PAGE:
INTRODUCTION: Carbon fiber reinforced (CFR) implants have been proposed for the treatment of fractures or impending fractures of the long bones in the oncology patient. Aim of this study is to present the largest cohort of oncology patients operated by CFR nailing by the Italian Orthopaedic Society (SIOT) Bone Metastasis Study Group.
METHODS: 53 adult oncology patients were operated on with a CFR-PEEK nail. All the data from adjuvants therapies were collected. Bone callus formation, response to radiotherapy, relapse or progression of the osteolysis were recorded. Hardware survival and failure, breakage and need for implant revision were also analysed.
RESULTS: Anatomical implantation of nails include humerus (n = 35), femur (n =11) and tibia (n = 7). The most frequent tumors affecting the bone were myeloma (n = 13), breast (n = 11), lung (n = 8), and renal cell cancer (n = 7). Acrylic cement reinforcement was used in 2 patients. One patient was subjected to electrochemotherapy after nail insertion. Intraoperative and early postoperative complications occurred in 13.2% and 7.54% of patients respectively. Eight patients had local progression and one developed a stress fracture proximally to the distal static screw. Radiographic union occurred in 14 patients; one screw loosening was recorded.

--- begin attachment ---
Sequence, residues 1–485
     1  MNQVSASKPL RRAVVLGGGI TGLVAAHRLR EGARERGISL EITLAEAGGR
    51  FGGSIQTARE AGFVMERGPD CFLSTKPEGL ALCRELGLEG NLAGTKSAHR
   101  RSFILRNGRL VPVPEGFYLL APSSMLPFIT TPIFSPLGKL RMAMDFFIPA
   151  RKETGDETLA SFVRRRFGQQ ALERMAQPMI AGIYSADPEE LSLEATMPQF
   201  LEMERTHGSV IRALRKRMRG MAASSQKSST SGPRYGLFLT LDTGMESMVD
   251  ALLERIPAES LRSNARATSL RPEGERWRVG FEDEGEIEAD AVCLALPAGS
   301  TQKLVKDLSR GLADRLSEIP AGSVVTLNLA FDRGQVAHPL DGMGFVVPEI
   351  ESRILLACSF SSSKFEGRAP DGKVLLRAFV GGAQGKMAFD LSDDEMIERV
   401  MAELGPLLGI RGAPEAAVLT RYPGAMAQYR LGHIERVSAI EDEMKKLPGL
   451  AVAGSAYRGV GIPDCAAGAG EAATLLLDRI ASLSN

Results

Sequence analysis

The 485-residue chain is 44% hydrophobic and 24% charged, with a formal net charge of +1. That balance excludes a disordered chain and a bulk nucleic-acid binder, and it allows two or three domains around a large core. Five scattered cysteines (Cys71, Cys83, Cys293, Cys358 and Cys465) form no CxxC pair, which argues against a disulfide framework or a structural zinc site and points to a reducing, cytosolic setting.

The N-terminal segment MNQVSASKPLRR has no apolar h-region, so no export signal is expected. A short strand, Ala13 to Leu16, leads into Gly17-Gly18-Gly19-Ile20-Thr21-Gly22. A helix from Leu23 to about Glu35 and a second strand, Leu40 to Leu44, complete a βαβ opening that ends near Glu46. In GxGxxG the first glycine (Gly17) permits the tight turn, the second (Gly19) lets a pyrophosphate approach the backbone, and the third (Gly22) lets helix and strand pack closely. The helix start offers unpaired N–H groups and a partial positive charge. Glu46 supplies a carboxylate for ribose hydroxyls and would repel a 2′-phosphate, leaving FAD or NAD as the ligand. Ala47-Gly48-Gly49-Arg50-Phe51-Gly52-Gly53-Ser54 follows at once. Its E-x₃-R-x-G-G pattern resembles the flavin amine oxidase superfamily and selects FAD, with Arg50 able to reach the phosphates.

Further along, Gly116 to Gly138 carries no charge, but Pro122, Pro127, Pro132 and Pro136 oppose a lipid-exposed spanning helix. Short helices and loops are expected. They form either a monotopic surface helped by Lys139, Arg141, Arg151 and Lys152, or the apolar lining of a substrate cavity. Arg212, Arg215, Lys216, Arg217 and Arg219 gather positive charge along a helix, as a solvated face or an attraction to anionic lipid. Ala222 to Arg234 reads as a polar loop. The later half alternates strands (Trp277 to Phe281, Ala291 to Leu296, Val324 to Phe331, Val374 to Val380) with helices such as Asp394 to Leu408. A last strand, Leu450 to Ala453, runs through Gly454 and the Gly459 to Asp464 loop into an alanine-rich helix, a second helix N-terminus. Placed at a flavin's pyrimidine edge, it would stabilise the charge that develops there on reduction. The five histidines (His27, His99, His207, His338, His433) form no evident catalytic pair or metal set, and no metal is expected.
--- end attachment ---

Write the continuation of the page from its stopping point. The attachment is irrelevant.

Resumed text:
DISCUSSION: There is currently a lack of solid evidence on the clinical use of CFR nails in oncologic patients. This is the first and largest study of CFR nailing, with the longest available follow up.
CONCLUSIONS: Implant related complications and surgery-related morbidity should be taken into account in the decision-making process for the surgical management of these patients. These data can improve the surgeon-patient communication and guide further studies on patients' survival and complications with respect to surgery.